From two kilometres below the Earth’s surface, to thousands of kilometres beyond the Earth’s atmosphere, SNOLAB science is helping understand the effects of radiation on biological life; research that is connected to this week’s historic Artemis I launch.
Early in Artemis’s mission to the Moon and back, it will launch a series of secondary payloads called CubeSats. One of those CubeSats, BioSentinal, is a biosensor instrument to detect and measure the impact of space radiation on living organisms over long durations.
The biosensor contains two genetically engineered yeast strains: a wild type of strain that serves as a control for yeast health and “normal” DNA damage repair, and a rad51 deletion strain, which is defective for DNA damage repair, and will therefore undergo alterations to growth and metabolism as it accumulates radiation damage. These changes will be detected by the biosensor payload.
While progress identifying and characterizing biological radiation effects using Earth-based facilities has been significant, no terrestrial source can fully simulate the maximum-radiation environment encountered in deep space.
Similarly, our understanding of the biological effects of minimum-radiation environment is being advanced by researchers from NOSM University in the Life Science Laboratory deep underground at SNOLAB.
Dr. Christopher Thome, Assistant Professor, Medical Science Division at NOSM University in Sudbury, explains that SNOLAB’s contribution to BioSentinal has been designed to complement the Artemis I CubeSat.
“We designed our experiment to match what BioSentinel is doing,” Dr. Thome said.
“Our SNOLAB experiment is technically a standalone experiment. We will be comparing the survival and growth of yeast that have been incubated in SNOLAB relative to our control laboratory at NOSM. But we designed our experiments so that it could also act as a control for BioSentinel.”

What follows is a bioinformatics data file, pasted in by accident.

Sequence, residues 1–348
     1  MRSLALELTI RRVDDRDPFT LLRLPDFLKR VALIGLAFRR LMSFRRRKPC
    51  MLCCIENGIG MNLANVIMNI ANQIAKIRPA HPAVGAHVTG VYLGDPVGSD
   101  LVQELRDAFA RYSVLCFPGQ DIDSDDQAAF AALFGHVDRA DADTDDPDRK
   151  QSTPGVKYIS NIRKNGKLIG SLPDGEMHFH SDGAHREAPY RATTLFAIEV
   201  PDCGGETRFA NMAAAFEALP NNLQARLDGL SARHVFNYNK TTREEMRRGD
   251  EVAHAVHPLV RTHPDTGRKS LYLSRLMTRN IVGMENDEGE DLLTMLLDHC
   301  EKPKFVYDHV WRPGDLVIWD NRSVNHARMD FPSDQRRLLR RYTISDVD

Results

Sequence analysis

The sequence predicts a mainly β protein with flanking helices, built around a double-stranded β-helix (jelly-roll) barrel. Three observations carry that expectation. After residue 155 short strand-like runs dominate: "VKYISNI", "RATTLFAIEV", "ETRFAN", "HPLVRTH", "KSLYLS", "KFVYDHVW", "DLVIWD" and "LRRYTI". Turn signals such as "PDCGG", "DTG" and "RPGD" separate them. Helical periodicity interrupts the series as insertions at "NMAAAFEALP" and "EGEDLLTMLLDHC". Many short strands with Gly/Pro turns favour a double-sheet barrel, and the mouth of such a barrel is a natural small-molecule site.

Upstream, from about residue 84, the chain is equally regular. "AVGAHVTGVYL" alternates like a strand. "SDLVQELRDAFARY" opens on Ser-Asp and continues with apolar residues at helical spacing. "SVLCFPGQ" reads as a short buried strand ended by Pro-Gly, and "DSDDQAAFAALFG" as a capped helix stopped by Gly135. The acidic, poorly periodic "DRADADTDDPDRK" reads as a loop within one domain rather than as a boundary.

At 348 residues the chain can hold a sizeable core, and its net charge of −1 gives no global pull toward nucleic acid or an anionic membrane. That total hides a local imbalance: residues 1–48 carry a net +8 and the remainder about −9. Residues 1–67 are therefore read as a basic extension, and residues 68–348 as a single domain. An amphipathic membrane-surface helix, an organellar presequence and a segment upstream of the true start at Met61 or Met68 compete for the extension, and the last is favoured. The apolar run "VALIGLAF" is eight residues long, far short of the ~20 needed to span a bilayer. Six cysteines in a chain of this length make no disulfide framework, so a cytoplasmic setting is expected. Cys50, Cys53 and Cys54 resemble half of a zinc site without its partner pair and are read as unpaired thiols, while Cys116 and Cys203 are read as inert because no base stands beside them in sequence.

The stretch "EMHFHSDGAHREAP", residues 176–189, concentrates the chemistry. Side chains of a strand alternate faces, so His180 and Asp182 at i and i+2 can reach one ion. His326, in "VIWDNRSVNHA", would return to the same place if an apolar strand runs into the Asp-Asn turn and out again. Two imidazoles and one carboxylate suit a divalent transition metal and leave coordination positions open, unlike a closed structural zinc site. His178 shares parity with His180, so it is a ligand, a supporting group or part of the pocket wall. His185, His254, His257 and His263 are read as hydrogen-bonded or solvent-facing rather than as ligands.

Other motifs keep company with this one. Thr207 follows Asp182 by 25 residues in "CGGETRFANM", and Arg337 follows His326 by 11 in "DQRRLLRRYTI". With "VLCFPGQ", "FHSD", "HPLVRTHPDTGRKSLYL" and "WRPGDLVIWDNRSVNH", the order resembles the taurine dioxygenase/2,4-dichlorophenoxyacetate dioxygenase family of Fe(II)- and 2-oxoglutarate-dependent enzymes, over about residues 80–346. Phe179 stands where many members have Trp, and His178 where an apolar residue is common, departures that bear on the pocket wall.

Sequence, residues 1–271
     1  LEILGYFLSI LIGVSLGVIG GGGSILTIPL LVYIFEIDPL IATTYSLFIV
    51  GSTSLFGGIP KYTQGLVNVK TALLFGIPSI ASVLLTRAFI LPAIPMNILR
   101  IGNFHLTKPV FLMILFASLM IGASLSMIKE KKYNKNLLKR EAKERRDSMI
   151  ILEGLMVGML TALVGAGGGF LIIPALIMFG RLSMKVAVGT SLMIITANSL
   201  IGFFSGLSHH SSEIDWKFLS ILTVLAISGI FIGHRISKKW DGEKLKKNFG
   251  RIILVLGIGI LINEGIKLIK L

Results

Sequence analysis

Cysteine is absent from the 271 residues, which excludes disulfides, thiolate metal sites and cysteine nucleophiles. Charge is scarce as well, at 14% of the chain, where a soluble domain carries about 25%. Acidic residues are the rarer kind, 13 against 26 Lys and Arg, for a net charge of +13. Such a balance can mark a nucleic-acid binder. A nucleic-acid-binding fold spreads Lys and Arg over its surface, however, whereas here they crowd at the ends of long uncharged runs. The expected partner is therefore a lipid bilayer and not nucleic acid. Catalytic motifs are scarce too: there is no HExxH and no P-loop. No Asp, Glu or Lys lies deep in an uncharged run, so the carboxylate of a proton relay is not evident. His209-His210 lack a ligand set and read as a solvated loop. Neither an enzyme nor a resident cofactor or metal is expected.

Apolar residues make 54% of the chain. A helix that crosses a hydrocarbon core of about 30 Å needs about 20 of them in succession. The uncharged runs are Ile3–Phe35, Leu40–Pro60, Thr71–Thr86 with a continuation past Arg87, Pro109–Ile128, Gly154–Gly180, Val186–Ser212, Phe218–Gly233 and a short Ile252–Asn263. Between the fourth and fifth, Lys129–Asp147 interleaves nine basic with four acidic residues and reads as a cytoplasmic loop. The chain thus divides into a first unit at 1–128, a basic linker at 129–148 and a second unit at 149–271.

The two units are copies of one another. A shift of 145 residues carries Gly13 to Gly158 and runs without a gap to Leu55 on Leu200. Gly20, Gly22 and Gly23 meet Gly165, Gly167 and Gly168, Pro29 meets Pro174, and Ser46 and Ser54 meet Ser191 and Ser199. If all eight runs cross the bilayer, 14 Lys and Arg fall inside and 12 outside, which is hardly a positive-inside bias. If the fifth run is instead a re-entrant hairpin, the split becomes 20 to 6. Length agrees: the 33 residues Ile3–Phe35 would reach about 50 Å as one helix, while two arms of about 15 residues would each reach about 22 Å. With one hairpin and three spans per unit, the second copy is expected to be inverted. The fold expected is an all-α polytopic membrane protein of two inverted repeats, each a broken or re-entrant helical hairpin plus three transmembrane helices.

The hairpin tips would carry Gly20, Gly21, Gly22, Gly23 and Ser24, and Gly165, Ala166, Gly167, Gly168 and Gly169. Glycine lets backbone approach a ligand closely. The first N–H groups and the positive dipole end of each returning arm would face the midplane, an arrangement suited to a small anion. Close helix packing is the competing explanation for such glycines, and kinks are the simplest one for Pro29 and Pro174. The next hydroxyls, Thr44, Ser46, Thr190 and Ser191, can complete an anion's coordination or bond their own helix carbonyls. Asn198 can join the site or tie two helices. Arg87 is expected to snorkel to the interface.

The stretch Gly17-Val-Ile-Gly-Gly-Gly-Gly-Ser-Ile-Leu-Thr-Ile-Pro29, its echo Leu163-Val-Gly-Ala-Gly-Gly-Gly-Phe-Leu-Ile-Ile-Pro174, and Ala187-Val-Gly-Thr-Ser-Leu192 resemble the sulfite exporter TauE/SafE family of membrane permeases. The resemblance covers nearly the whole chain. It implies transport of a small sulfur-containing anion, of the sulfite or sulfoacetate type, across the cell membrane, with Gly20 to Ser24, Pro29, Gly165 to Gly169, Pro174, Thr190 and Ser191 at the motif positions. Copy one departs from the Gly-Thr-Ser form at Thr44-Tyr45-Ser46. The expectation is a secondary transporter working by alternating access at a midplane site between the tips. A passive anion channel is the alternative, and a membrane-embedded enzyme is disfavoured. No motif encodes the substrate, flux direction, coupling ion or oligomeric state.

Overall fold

Life in space and on the moon and Mars has many challenges, including the genetic damage caused by cosmic radiation. Cosmic radiation comes from the nuclear reactions that power stars like our own sun. The universe is filled with galactic cosmic radiation but on Earth, our atmosphere shields and protects life from the harmful effects. The shielding effects of the atmosphere can be seen at night as light—the Northern Lights—when cosmic radiation interacts with the atmosphere.
“The research is aimed at understanding how living cells can respond and adapt to the harsh radiation environment in outer space,” says Dr. Thome. “These experiments will build our knowledge on the potential risks inherent to future crewed missions to the moon and Mars and help develop new methods for extra-terrestrial protection of living organisms.”
With controls deep underground at SNOLAB, on surface at various sites, in low-Earth orbit on the International Space Station, and now in deep space on the Artemis I CubeSat, we should get a good indication of the biological effects of comic radiation exposure, Dr. Thome said.